How indeed!

Stunned, I had no reply.

Especially since in Coldstream, mine is $85.00 for 2017.

Power Misdirected

More accurately, bossy bee...

Seems we citizens are allowed to tell Canada Post to withhold unaddressed admail from our mailboxes, but we have no such choice when it comes to the local newspaper, the Morning Star.  We either accept the voluminous flyers or we don't get any newspapers placed in the Morning Star box.

only old advertising flyers grace this Morning Star newspaper box on Buchanan Road...newspapers are no longer delivered, supposedly because residents have chosen to reject flyers...

 Can we really reject Canada Post's unaddressed admail?  Sure we can. 

"There is a little known, or should I say never advertised, policy at Canada Post regarding "unaddressed admail" (otherwise known as flyers). If you receive your mail at a Communty Mail Box (Superbox) you can opt out of receiving flyers by taping a note requesting "no Flyers" to the front edge of your mailbox. The Carrier will then mark your box as such and Presto! no more flyers
 (except for politcal/elections notices - by law)"  from Kayshadog, 2007. 
So what's up with, presumably, our right to reject Morning Star flyers...and now receiving NO newspapers delivered to the box?
"A monopoly creates strange power-plays"...Anonymous
Uninformed bossy bee, perhaps.
"Otherwise we simply bring flyers home and place them directly into the Blue Box for recycling," Kia would've suggested, adding "what a waste of time...and muscles taking them back to the curb."

Canada Will Have To Deal With It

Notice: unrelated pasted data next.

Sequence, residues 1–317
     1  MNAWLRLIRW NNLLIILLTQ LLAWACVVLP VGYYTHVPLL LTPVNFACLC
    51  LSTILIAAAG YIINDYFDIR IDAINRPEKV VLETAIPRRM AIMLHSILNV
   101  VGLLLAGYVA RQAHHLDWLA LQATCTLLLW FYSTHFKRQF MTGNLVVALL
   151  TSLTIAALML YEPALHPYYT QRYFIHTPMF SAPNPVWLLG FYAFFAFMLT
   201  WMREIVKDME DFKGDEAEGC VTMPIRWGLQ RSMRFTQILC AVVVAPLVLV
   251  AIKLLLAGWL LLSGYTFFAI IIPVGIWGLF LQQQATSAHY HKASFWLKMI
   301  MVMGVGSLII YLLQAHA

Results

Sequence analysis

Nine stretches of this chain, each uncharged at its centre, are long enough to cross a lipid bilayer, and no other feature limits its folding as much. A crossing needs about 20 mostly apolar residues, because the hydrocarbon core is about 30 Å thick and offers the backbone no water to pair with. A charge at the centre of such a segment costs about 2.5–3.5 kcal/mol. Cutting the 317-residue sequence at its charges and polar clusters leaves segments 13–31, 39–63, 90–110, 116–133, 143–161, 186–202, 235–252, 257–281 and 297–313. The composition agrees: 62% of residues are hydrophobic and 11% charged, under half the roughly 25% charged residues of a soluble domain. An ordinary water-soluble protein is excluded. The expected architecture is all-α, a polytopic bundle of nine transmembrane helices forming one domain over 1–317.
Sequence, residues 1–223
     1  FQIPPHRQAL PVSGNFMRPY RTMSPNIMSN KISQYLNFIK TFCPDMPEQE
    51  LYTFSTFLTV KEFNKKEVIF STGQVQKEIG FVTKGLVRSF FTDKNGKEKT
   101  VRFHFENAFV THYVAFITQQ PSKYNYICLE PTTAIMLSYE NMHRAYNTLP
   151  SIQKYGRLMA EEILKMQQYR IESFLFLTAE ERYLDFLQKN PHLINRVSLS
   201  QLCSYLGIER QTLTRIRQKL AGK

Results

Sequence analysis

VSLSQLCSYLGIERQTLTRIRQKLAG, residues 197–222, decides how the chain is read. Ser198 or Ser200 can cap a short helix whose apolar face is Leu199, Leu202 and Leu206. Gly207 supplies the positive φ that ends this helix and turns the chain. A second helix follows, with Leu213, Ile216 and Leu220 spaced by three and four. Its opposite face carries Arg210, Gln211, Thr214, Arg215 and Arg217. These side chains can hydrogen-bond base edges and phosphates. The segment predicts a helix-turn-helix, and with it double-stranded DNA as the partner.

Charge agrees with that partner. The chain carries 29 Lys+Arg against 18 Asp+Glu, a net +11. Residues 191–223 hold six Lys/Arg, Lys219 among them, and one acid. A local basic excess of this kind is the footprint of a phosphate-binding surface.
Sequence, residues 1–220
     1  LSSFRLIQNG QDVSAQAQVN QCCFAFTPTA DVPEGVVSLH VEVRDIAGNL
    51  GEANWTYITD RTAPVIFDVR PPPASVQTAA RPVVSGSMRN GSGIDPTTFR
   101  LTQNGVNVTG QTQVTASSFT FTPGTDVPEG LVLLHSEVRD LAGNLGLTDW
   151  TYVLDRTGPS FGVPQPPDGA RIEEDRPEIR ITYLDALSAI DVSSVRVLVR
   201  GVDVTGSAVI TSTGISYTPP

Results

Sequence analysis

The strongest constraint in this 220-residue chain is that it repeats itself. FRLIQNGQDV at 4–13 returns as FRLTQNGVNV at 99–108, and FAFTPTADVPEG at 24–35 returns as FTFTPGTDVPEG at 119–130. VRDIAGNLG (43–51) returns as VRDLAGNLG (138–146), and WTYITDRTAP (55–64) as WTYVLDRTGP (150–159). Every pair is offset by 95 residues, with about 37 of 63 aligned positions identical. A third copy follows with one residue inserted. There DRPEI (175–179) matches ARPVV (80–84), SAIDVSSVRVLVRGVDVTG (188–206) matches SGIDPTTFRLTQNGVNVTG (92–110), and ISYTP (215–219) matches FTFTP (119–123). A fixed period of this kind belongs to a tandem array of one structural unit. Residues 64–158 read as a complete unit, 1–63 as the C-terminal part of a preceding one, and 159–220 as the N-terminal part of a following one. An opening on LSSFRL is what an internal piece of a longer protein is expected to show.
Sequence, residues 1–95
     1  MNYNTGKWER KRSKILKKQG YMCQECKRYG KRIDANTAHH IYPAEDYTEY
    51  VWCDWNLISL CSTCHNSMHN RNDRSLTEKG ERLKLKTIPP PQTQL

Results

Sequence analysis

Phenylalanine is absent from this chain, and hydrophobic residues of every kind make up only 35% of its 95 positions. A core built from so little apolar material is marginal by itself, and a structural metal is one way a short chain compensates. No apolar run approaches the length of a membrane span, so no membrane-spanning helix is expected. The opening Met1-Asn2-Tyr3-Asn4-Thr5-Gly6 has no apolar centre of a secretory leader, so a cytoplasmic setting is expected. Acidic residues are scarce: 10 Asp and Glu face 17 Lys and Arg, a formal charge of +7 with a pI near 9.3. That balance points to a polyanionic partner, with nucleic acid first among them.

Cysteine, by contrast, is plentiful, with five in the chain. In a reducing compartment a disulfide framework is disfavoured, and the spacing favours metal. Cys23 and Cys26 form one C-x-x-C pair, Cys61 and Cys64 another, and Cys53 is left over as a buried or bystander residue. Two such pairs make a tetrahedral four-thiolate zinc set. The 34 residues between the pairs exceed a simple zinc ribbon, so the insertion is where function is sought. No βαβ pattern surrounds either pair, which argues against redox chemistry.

This blog doesn't often post "internet stuff", but there's a journalist named Ian O'Doherty, who writes for a publication called the Irish Independent, with a compelling take on circumstances that resulted in the election results in the U.S.A.

First the preamble to Ian Doherty's article, from an email.

"It's interesting that such a perceptive analysis comes all the way from Ireland. From outside the USA it has been clear for many years that the country was stumbling and the average American knew it, they could see it all around them. Average Joe and Jane Citizen have seen their jobs exported, being replaced more and more with a welfare state. The hope and expectation of a steady job that provided a good living and the opportunity to own their own home, secure a comfortable retirement and a solid future for their children  has faded along with their buying power. The elitist overpaid politicians, entertainers and influential journalists genuinely believed they represented the average American, that their identity was the American identity. They had no clue or empathy of the struggles and helplessness of trying to just keep a roof over your head and food on the table which is the life of so many people. These people are the true middle class America and they don't want handouts or welfare, they want meaningful jobs so they can build a future and maybe engage in the American dream again. They aren't stupid or uninformed, they know they have been suckered for years and they finally saw a slim chance to change the system in favour of the common working person again. In Donald Trump the majority saw the only possibility to change the system that had for years been grinding them down. Can he do it? Only time will tell, the next four years certainly will be interesting."

Did this "reasoning" lead to Trump's victory?

The following is Ian's article.  Highlighted phrases were by anonymous contributors to the email.

From: A Two Fingers to a Politically Correct Elite":  by Ian O'Doherty